On the second day of the general strike called by the industrial workers under the leadership of 10 national trade unions brought the country to a standstill today.
Speaking to Newsclick, Tapan Sen of the CPI(M) said, “Yesterday, more than 20 crore workers had taken part in the protest. Today, on its second day, coverage of the strike further widened. Workers joined the strike spontaneously, and are determined to save the country. This strike is not just for the rights of the workers, but also to defend the country's interest.”
Workers across multiple spectrums gathered in the heart of Delhi to send a strong political message and a warning to the future governments that anti-worker policies and the dilution and the trampling of their rights will not be accepted.
Targeting the BJP government, Brinda Karat, Polit Bureau member of the CPI(M) said, “The BJP government has time and again proved that it is anti-worker and anti-farmer. To demonstrate their resolve against the government, 10 central trade unions and workers have come together. The Modi government has brought a series of policies to dilute workers’ rights.”
Referring to the upcoming fixed wage legislation, she added, “They want to bring a job loss economy, where only the employers yield power. The need of the hour is a policy shift, where workers are at the heart of the economic policy reforms.”
Shakuntala, an old sanitation worker from Kapashera region, who took part in the march today, said, “I have come here today only to make my voice heard, and to seek some solidarity and hope. I want to ask how should I pay my rent? How do I pay for my grandchildren’s school fees? There are days we all go to bed on an empty stomach because none of us are paid enough or on time.”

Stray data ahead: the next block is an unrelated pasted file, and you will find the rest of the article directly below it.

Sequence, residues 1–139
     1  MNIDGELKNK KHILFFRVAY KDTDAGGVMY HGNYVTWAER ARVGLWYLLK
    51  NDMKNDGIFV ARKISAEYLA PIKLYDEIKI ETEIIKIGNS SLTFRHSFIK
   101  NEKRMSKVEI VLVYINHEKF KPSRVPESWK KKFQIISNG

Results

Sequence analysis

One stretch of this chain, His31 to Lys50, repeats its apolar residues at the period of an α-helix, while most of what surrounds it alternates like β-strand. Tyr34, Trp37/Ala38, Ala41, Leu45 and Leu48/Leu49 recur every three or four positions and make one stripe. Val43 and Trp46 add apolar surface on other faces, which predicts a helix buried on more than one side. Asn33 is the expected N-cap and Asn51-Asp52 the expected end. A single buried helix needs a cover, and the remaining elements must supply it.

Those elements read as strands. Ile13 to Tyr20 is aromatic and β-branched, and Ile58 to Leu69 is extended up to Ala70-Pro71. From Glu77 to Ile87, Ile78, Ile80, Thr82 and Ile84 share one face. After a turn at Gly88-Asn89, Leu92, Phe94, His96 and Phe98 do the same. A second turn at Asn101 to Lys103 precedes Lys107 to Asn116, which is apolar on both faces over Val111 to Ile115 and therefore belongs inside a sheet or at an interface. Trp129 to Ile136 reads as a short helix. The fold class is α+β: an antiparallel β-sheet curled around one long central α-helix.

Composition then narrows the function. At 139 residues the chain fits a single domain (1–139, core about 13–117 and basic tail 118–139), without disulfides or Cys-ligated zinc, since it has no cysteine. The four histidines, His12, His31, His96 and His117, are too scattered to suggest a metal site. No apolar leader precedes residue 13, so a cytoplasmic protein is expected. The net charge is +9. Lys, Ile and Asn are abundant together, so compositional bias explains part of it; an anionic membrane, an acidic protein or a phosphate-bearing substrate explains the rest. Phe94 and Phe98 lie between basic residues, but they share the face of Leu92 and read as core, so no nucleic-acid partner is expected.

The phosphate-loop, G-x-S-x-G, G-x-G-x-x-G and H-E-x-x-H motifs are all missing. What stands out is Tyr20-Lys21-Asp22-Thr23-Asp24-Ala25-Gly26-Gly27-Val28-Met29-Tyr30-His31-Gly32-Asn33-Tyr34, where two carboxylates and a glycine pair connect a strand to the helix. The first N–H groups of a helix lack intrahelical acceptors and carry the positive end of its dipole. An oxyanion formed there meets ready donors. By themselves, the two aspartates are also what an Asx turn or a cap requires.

Another home-based worker from Jahangirpuri, Aarti, said, “Over 100 women have come here with me today because we are tired of being invisible in the eyes of the government. We are home-based workers, not covered under any policies. Does the government even know we exist?”
Speaking to Newsclick, E S Kumar, a railway worker said, “Looking at all of us come together gives me enormous power. We have multiple concerns such as the pension delays, issues of job security and more.”
Kavita Krishnan, Polit Bureau member, CPI(ML) said, “It is on occasions like these that one gets to realise the value of labour which otherwise remains invisible. MCD workers stopped cooperating, and there was water shortage in some areas. This was needed to point to the kind of lives our workers lead.”
She further questioned, “What is the point of work if the workers can’t feed their families, and they have to run from pillar to post to save their lives?”
Highlighting the issues that push the workers to the periphery of the society, Hannan Mollah said, “The condition of the workers is such because of rife contractualisation. Another major concern for the workers is no provision for minimum wage.” He went on to assert that the Modi government and its policies are anti-farmer and anti-worker.
On January 8, workers apart from industrial workers, unions and associations of agricultural workers, plantation workers, scheme workers, construction workers, vendors etc. also participated in the strike.
With the workers’ strike and farmers’ march, momentum across spectrums is building up against the Modi government, and is likely to have a massive impact with only about four months to go before the general election.
The call for the workers strike was given by the trade unions in September 2018 during the national convention of the central trade unions pointing out, that “the government policy of mass privatisation of strategic PSUs, crucial infrastructure and public utilities, especially targeting the ports, airports, telecom, financial sector etc with defence production and railways thrown open for 100 per cent foreign direct investment is causing severe damage to the rights of the workers in India”.
Thumbnail Image Courtesy: Aman Khatri